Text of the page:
How Much Solar Do I Need for my RV/Van? Calculations Explained

The freedom of having off-grid power to live amongst nature in a camper van or RV is quite enticing. Sizing your solar system does not need to be difficult or complicated. Follow these simple steps in order to design your solar system according to your preferences and needs.

1. Determine How Much Power You Need for Your RV/Van

First, make a list of all of the electrical appliances you will use in your van or RV.

camper van solar panels

Some examples include:

  • Refrigerator
  • Fan
  • Water pump
  • Lights
  • Cellphone
  • Laptop
  • Inverter
  • Cell phone booster
  • Charge controller
  • Heater

Look up the maximum current each appliance draws (surge) in amps.

For example, a typical 12-volt compressor fridge uses about 50 watts. Use the following equation to determine the current.

Watts / Volts = Amps

The fridge is then 50 watts / 12 volts = 4.2 Amps

Next, estimate how many hours you will use each appliance daily. Some people turn their fridges off at night to save energy and not hear the sound of the compressor. So if the fridge is estimated to be on for 16 hours per day, at 4.2 amps that is 67 AH (amp hours).

Complete this exercise for each electrical component to sum up the total amp hours needed for the battery sizing.

In this case, let’s assume that the average daily consumption is 100 AH.

2. Size Your Inverter

The inverter is used to convert solar’s DC output to AC power and is sized to accommodate the highest drawing AC appliance (such as a hair dryer, rice cooker, or induction stovetop). If you plan on running additional appliances at the same time, such as the rice cooker while you are charging a laptop, then the inverter must be sized to include the total wattage.

One common example is:

  • Computer = 85 W
  • Second computer = 85 W
  • Fridge = 50 W
  • Blender = 700 W

Total = 920 W

Typically, 1000-1500 Watts is enough capacity for an inverter. If using an induction cooktop (1800 W), then 2000 W to 3000 W is preferable.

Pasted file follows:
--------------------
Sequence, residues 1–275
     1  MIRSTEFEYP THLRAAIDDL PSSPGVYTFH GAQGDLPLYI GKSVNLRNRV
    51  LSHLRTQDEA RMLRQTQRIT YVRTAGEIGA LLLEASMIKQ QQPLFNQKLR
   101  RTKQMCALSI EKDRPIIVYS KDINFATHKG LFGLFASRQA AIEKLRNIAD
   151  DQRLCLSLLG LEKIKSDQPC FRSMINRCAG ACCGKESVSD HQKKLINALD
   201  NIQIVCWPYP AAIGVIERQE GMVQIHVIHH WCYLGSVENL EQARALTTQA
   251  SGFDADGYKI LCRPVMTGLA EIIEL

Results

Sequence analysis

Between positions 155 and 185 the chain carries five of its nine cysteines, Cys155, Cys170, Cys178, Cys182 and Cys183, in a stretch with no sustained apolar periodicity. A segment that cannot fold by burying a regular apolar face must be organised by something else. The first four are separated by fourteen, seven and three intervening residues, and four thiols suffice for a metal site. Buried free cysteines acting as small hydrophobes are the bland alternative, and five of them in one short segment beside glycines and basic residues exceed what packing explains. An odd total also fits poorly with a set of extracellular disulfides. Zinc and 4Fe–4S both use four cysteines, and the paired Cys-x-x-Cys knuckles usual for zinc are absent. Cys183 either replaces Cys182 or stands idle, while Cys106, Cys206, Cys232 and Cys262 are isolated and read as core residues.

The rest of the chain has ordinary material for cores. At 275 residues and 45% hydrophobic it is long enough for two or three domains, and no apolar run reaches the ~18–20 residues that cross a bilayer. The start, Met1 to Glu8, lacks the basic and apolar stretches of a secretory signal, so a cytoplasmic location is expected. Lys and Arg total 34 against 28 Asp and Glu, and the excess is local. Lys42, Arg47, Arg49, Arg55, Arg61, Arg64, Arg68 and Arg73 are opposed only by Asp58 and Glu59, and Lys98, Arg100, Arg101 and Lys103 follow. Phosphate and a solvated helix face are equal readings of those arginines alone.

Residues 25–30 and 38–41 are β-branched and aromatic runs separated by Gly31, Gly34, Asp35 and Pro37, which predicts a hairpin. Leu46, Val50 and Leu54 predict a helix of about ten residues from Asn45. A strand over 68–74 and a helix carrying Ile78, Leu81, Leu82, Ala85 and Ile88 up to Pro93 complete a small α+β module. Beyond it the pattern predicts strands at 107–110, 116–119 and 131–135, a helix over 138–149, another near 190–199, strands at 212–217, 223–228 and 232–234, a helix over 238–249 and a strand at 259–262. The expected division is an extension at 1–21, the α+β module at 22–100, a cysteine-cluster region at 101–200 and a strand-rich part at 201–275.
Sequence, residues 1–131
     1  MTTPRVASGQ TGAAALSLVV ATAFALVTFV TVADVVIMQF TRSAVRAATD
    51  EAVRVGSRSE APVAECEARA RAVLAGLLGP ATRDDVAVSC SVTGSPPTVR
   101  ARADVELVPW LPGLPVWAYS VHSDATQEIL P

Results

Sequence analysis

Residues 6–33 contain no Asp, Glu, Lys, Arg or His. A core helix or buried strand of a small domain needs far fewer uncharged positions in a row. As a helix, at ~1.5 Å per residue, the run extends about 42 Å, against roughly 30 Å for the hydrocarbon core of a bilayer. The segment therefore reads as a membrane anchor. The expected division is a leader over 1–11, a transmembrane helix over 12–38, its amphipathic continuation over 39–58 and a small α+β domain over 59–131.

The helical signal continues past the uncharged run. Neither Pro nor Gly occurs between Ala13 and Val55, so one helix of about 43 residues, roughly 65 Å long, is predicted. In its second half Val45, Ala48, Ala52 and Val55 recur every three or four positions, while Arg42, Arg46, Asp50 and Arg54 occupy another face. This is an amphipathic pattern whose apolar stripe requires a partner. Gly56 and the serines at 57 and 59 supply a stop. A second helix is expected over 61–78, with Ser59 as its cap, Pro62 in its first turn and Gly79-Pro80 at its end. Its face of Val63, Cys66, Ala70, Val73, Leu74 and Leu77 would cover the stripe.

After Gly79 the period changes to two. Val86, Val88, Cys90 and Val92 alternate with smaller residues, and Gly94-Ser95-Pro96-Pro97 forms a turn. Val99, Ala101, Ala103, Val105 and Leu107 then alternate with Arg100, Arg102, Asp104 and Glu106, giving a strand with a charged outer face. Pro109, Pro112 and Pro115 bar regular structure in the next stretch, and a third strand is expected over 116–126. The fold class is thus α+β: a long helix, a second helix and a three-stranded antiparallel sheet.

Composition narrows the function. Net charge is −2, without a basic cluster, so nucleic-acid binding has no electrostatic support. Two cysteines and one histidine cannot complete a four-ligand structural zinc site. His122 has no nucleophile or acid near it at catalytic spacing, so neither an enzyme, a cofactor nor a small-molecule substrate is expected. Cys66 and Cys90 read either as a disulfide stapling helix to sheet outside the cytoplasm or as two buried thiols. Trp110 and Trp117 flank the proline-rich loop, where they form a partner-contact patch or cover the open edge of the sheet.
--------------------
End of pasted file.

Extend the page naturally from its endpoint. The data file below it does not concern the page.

Pure sine wave inverters are the most efficient and expensive choice, with good reason as they are almost perfect replicas of AC power for uninterrupted, smooth, and quiet service. Pure sine wave inverters are needed for connecting to grid power or operating newer electronics such as a TV or microwave.

Modified sine wave inverters are a more affordable option, but the produced electricity is more choppy and the inverters make more noise than a pure sine wave inverter. These inverters may not work with compressor fridges and other newer appliances.

3. Choose a Battery size

The battery will be charged by the solar panels with the option of being charged by the car’s alternator and also shore power. To determine the battery sizing, you must determine how many days of power you are comfortable with having as backup power. This estimate will be useful for rainy or cloudy days in which there won’t be much or any solar power. You can start by determining how many days you plan on staying in one place (in the case you also charge your battery as you drive). This estimate can also be linked to the maximum number of days you have for water.

If you want enough battery power for, say, 3 days (assuming no sun, driving, or grid power), then you must multiply your estimated daily consumption by three. In this example, the daily consumption is 100 AH, so for 3 days the battery storage must be at least 300 AH.

There are a few different types of batteries to choose from:

  • Flooded lead acid
  • Sealed lead acid (absorbed glass mat (AGM) or gel)
  • Lithium (lithium ion or lithium iron phosphate)

Flooded lead acid batteries are the cheapest option but not the safest as they off-gas toxic hydrogen gas. Thus, if using lead acid, you must properly vent your system (which may negate the cheaper cost of the batteries).